Preliminary reports by the South Carolina Department of Public Safety shows that the total number of traffic fatalities on South Carolina roadways in 2016 totaled nine-hundred seventy-five (975) deaths. This number shows that the total was only a small drop from the 2015 total of nine-hundred seventy-nine (979), but significantly higher that the 2014 total of eight-hundred twenty-three (823) and the 2013 total of seven-hundred sixty-seven (767). The 2016 traffic fatalities include six-hundred thirty-five (635) motor vehicle occupants, one-hundred thirty-seven (137) pedestrian accidents, one-hundred thirty-five (135) motorcycle accidents and twenty-five (25) people riding bicycles. By region, Charleston County totaled 44 traffic fatalities. Berkeley had thirty-two (32) and Dorchester County had thirty (30).
Protect Yourself on South Carolina’s Roadways
As drivers on South Carolina roadways we owe each other a duty to be safe and operate our vehicles in a reasonable manner. Although preventing any and all accidents is not realistic, there are certain things we can all be mindful of to minimize the number of car accidents and traffic fatalities on the road. First, we should always wear seatbelt. Out of the nine-hundred seventy-five (975) fatalities in 2016, three-hundred twenty-two (322) of those were noted not to be wearing a seatbelt. Wearing a seatbelt at all times is the single most important thing you can actively do to protect yourself while riding in a vehicle.
It is also known that no one should ever drink and drive. In this day and age of taxis and Uber, there is no excuse for drinking and getting behind the wheel of a vehicle. Studies have shown that driving with a blood-alcohol content of .05%, still within the legal limit, doubles your risk of being involved in an automobile accident. Likewise, we should also make conscious efforts to minimize distractions while driving. Recent studies are now showing that texting while driving can be even more dangerous than drinking and driving.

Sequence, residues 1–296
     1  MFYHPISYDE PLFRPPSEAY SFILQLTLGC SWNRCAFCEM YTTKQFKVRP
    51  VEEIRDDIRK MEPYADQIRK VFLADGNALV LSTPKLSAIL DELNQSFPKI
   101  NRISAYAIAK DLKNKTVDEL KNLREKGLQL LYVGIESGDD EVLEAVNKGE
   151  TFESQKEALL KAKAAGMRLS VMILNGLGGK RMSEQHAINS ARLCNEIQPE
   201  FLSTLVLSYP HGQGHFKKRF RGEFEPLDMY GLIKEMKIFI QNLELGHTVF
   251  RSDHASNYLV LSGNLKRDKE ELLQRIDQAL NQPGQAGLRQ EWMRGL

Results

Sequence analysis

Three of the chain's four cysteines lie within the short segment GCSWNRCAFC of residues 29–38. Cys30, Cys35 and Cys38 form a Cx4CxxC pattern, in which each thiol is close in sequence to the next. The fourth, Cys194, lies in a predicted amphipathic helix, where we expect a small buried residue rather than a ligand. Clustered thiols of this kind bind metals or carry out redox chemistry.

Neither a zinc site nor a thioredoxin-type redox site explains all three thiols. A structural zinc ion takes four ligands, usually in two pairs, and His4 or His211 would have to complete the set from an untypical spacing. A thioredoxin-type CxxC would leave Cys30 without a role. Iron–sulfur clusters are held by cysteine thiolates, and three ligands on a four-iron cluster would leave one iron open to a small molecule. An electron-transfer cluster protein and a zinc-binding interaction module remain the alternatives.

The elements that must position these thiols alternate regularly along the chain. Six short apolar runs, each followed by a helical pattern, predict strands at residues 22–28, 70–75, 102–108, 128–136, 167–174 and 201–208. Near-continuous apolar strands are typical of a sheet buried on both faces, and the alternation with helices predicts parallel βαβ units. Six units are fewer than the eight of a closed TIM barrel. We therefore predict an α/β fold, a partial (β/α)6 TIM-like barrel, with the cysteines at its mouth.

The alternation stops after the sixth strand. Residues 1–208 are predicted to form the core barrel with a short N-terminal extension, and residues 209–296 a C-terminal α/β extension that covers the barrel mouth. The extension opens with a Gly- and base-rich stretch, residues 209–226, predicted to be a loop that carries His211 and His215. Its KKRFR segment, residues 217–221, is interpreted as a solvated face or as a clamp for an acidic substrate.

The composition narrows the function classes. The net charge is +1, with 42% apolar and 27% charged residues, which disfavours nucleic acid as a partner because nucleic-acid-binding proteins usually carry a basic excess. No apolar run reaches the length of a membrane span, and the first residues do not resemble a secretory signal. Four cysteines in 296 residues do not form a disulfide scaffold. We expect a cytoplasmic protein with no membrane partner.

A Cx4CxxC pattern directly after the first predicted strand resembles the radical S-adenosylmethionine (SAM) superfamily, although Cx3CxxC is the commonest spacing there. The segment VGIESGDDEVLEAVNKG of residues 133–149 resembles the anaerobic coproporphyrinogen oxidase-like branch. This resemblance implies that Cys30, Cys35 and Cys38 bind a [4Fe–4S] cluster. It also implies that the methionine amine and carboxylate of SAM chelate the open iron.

Bringing Awareness to South Carolina Residents
The awareness of traffic fatalities has increased with the recent establishment of South Carolina’s Target Zero Program. We have likely all seen the television commercials and roadway signs constantly updating drivers on traffic fatalities. Bringing awareness to the dangers of traffic fatalities is the first step in minimizing deaths on South Carolina’s roadways. The problem with a traffic fatality is that it’s one of those things in life where nobody believes it can happen to them until it is too late. Unfortunately, accidents will always happen but we each to make an effort to do our part to limit the likelihood of them happening.
As a wrongful death attorney representing families of people who have been killed on South Carolina’s roadways, I believe that a certain part of my job is to bring awareness to these situations. Whether it’s by writing or speaking to people about the dangers of traffic accidents, or trying cases and letting verdicts speak throughout our community. For example, I believe that a jury verdict against a drunk driver can be a deterrence to other members of the public not to drink and drive. We all know about the criminal consequences for drinking and driving, but the more that people understand there may be civil consequences for drinking and driving or driving while texting will go a long way to deter people’s willingness to do so and make our roadways safer for all.
Get Help from a South Carolina Auto Accident Attorney
If someone in your family has been killed in an automobile accident, I would strongly urge you to seek advice from an experienced car accident attorney about your loved one’s claim. Dealing with the lost of a loved one is one of the hardest things a family can ever go through. The last thing you need to be doing is dealing with an insurance adjuster contacting you trying to get information or statements about the accident. I am happy to speak with you if you have any legal questions about a possible claim or need any help navigating the legal system to prosecute your loved one’s claim.